Moving my Blog

I am in the process of failing over my website from GoDaddy to AWS. Trying to tune WordPress to run a bit more optimally using RDS, proper caching, etc. The plan is to eventually migrate away from WordPress to my own Django Blog Engine but that is still in development.

You might see some bumpy things happening, but I hope for this to be relatively painless for all of you!

EDIT: And we are back online! This page is smoking fast now and SEO optimized! Finally broke away from GoDaddy! Right now, I am running in a VPC in AWS using RDS! That’s a 2015 goal complete!

Download an SSL Certificate using a one-liner!

Had a task today to sync up a SSL certificate, only problem is I didn’t have the certificate nor could I find it anywhere. I knew I could use openssl and get a print out, but I wanted a actual file in my tmp directory. So obvious start with the basics…

openssl s_client -connect HOST:PORTNUMBER

Simple, straight forward…next how to I pipe this to a file. My gut told me:

openssl s_client -connect HOST:PORTNUMBER > /tmp/out.cert

Well…That worked…sort of. I want to be able to terminate this so I don’t have to hit ctrl+c. Well what if I pipe it to echo…

echo | openssl s_client -connect HOST:PORTNUMBER

Bingo! That worked marvelously! But wait…drats…extra stuff about the cert chain. Googled around and found someone already did the heavy lifting using sed!

echo | openssl s_client -connect HOST:PORTNUMBER | sed -ne '/-BEGIN CERTIFICATE-/,/-END CERTIFICATE-/p' > /tmp/websitessl.cert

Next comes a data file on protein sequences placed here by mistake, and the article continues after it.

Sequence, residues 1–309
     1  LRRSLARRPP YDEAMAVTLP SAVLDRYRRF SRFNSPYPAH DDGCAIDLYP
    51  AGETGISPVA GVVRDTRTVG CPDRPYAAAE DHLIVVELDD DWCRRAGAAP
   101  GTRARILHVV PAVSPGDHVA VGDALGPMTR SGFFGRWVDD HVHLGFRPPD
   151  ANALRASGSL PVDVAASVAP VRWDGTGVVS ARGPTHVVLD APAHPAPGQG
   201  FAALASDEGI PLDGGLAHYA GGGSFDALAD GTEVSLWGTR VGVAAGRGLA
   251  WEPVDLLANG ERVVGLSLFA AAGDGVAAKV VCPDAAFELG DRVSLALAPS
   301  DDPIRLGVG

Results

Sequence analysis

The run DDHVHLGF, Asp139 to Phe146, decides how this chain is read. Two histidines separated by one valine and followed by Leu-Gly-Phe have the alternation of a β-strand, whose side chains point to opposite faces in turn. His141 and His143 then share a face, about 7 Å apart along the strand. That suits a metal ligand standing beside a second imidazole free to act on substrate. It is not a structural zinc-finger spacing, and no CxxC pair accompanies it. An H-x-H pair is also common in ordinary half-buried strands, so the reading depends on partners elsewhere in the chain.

Awesome! Now I have a clean importable cert. That will save the certificate to /tmp/websitessl.cert.

Thanks Sean and Vinay from Serverfault. They actually had some extra tips I picked up too!

1) You can use -showcerts if you want to download all the certificates in the chain. But if you just want to download the server certificate, there is no need to specify -showcerts

2) echo -n gives a response to the server, so that the connection is released

So TLDR is, just use:

echo -n | openssl s_client -connect HOST:PORTNUMBER | sed -ne '/-BEGIN CERTIFICATE-/,/-END CERTIFICATE-/p' > /tmp/websitessl.cert

Source: http://serverfault.com/questions/139728/how-to-download-the-ssl-certificate-from-a-website

Google IO 2014 Here I Come!

So thanks to an awesome individual, I got a invite code to Google IO 2014! Booked my flight, booked my (EXPENSIVE) Hotel, and got all my bags packed. Looking forward to stepping a bit outside my comfort zone and focus on my development skills more.

Looking forward to learning more on the Chrome side and also picking up some more info on the wearables. Thinking the Moto 360 and/or LG G watch are gonna be hot coming this fall. Once Apple lets their iWatch out, this is going to be big. We just need to wait and see.

Wish me luck, hope to learn a lot!

PyCon 2014 Day 3: The big day is here!

So I apologize right now, if you consider these blog posts too much! I don’t usually get much time to write some blog posts but I thought I would share some great talks and my notes on a few of them.

Today, was the “official” first day of PyCon with some awesome Keynote speakers and also big talks. Again, this is my first PyCon so I was a bit new to talk tracks. However, I think I found all of the talks interesting that I attended 🙂

KeyNote

The main keynote was given by John Perry Barlow and it was a fun and pleasurable talk about privacy and policy. Had me chuckling, and at times made some very good points. Talked about how we should have a lack of secrecy, and how we should not be afraid about large controlled corporations. Nice talk to listen too.